Welcome to the fifth installment of our position previews, the shortstop position.
In a hilarious episode of “Seinfeld”, Kramer was driving George’s mother Estelle home and ran over a pothole. This caused Kramer to push his arm on Estelle to “restrain” her from being thrown forward, which she recognizes as her husband Frank’s move (stopping short) and a fight develops.
Fantasy owners can use the thought process of “stopping short” when analyzing the shortstop position in fantasy. The shortstop position has a tier of 6 players that I am secure in drafting onto my fantasy roster. I would feel safe with Machado, Turner, Correa, Lindor, Bregman, and Seager.
After those group of players, I stop short of not being nervous in selecting the remaining options at the position. While I know it’s almost impossible to guarantee that you will be lucky enough to get the elite tier, I think you might have to reach or face a season of not being able to bank on consistency from that spot in your lineup. Of course, you could hit the jackpot and select the next Paul DeJong and be on your way to competing for your title but you are more than likely pondering:
- “Will Elvis Andrus hit 20 home runs again this season?”
- “Can Trevor Story regain the magic from his 2016 season?”
- “Can Dansby Swanson ever live up to his potential?”
Let’s take a deeper look into the shortstop position as I answer the hot questions, provide players on the rise and on the decline, and a player on the horizon and even one player to avoid in the 2018 Fantasy Baseball Shortstops Preview.
2018 Fantasy Baseball Shortstops Preview
Is Manny Machado now the No.1 Shortstop?
Orioles manager Buck Showalter announced that the Orioles will start Manny Machado this coming season, with Tim Beckham sliding over to third base. Manny Machado is a three-time All-Star at third base whose natural position is at shortstop.
A career .284 hitter prior to 2017, Machado had just come off a career-high .294 average in 2016. Last season, he hit 33 home runs and had 95 RBI along with a .259/.310/.471 slash line which equals a .782 OPS. His season average (.259) and on-base percentage (.310) were the lowest of any of his five full seasons. The positive outlook is in his season splits. His 1st 80 games of 2017 resulted in a .215/.283/.418 slash line but still had 16 HR and 41 RBI. In his last 76 games, Machado had 17 HR and 54 RBI. The difference is that he had a .303/.338/.525 slash line.
Fantasy owners should expect Manny Machado to produce closer to his second-half stats. As a result, I project another 30-home run and 90-100 RBI season and his batting average to get back to the .280 level. On average, Machado is still a top-20 pick. However, if you can draft him in the second round, you will have a first-round player on your roster.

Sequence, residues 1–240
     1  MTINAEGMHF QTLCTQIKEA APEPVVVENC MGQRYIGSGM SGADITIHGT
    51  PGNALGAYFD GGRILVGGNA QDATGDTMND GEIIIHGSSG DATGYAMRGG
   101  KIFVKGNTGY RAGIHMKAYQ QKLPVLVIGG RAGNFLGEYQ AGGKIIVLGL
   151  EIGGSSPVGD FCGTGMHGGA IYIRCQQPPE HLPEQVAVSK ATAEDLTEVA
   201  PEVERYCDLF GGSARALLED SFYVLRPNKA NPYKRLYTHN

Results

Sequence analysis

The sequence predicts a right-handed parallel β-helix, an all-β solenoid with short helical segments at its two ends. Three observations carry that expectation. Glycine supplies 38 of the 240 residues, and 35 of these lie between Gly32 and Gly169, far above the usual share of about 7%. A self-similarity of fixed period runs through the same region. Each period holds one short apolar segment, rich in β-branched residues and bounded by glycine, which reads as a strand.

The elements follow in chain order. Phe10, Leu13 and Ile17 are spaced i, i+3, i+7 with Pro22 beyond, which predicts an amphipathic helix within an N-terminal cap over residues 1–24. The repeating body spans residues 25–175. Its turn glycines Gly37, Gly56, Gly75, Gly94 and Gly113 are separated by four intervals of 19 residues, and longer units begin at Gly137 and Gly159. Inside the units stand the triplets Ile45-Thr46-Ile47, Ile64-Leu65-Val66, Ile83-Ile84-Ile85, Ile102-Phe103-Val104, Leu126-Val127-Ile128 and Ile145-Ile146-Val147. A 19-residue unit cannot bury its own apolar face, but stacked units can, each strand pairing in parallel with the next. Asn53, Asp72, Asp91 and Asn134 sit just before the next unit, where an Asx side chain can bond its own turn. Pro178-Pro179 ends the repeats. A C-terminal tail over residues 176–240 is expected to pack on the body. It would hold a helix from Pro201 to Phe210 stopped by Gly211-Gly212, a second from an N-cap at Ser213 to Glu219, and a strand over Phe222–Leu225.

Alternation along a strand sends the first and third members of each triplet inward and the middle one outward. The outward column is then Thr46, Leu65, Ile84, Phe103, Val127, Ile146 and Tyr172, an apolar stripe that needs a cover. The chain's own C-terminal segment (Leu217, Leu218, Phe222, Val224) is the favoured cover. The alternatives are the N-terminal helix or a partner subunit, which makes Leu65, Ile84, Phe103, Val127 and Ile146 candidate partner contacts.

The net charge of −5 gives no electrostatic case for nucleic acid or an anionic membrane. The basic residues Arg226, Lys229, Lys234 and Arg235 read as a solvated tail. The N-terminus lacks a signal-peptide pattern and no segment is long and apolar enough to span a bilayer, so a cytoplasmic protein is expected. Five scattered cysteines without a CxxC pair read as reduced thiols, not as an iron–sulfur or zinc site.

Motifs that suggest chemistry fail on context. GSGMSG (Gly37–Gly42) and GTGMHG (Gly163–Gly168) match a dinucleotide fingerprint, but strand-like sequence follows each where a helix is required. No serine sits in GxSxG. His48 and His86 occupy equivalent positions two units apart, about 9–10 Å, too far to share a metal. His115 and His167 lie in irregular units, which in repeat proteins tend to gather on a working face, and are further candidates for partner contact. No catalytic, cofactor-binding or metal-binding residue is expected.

Please make sure that Machado does not fall past the beginning of Round 2 at the worst. After Nolan Arenado and Kris Bryant, Machado is the next best third baseman, each of which is projected to be a first-round pick. Only two shortstops (Turner and Correa) will possibly be selected ahead of him in drafts. The fact that he will gain dual-eligibility early in the season should be appealing enough to vault Machado to the No.1 option at Shortstop.
Which rookie is this season’s Paul DeJong?
Paul DeJong of the St. Louis Cardinals became one of the biggest surprises of the 2017 season. He came up to the big leagues and took over the Shortstop position for the Cardinals. He finished second for the Rookie of the Year after hitting .285 with 25 home runs and 65 RBI. I hope you were lucky enough to grab DeJong off waivers last season.
Which rookie shortstop will step up and compete for the Rookie of the Year? I submit to you Phillies Shortstop J.P. Crawford.
J.P. Crawford is expected to be the Phillies starting shortstop this season. The Phillies’ willingness to trade incumbent Freddy Galvis further represents how welcome they are to playing Crawford at shortstop regularly in 2018.
His 2017 season can be split into two halves. Through June 10, he was hitting an abysmal .194 in 56 Triple-A games after hitting .243 with a .647 OPS in Triple-A to end the 2016 season. The horrible start caused Crawford to plummet down many top prospects lists, with Baseball America saying he wasn’t an impact player anymore. This motivated Crawford to raise his game to another level. He slashed .287/.385/.513 with 30 walks, nine home runs, and 29 RBI at Triple-A after the All-Star Game. It was enough to warrant an end-of-season call-up, and he continued to show his trademark on-base skills with a .356 OBP.
Additionally, he is still just 23 years old, he posted an outstanding 18.4 percent walk percentage in his first 70 at-bats at the major league level. When we look at these numbers, you can easily see the potential of his overall game. If he can bring that power to the majors, Crawford has a chance to become Rookie of the Year. Do not forget about J.P. Crawford.
Can a healthy Xander Bogaerts return toward the top of the SS rankings?
Xander Bogaerts dealt with a lingering hand injury for much of last season as a result of being struck in the right hand. The 25-year-old shortstop says he was forced to make a hard decision: shut it down or play through the pain. Bogaerts, who was coming off back-to-back Silver Slugger awards at shortstop, hit just .273 last season with a .746 OPS and 10 home runs. It was crystal clear that the injury impacted his performance.
Before HBP: .308/.361/.455, .806 OPS, 20 doubles, six home runs in 312 at-bats.
After HBP: .232/.321/.340, .671 OPS, 12 doubles, four home runs in 259 at-bats.
He possesses tantalizing potential but he has yet to register a full season of productivity. In 2015, he turned in his most consistent season, hitting .320 and ranking third in the majors in hits with 196. He then posted a .351/.402/.514/.916 line in his first 70 games of 2016, then slashed .247/.318/.390/.709 over the final 87 games.
There is still a reason for optimism about Xander Bogaerts heading into the 2018 season. For the third consecutive season, the Red Sox shortstop finished the year with a strikeout rate under 20 percent. In 2017, the league struck out at a rate of 21.6 percent. On top of that lack of strikeouts, he walked 8.8 percent of the time in 2017, the second straight year he saw an increase in walk rate from the previous year.
He has a high floor and even higher ceiling, which makes for some scintillating potential. Currently, Bogaerts is being drafted as the 9th SS off the board based on his ability to bounce back from last season. While I actually project him to challenge for a spot in the top five at the shortstop position in 2018.
Player on the Rise
Orlando Arcia, SS, Milwaukee Brewers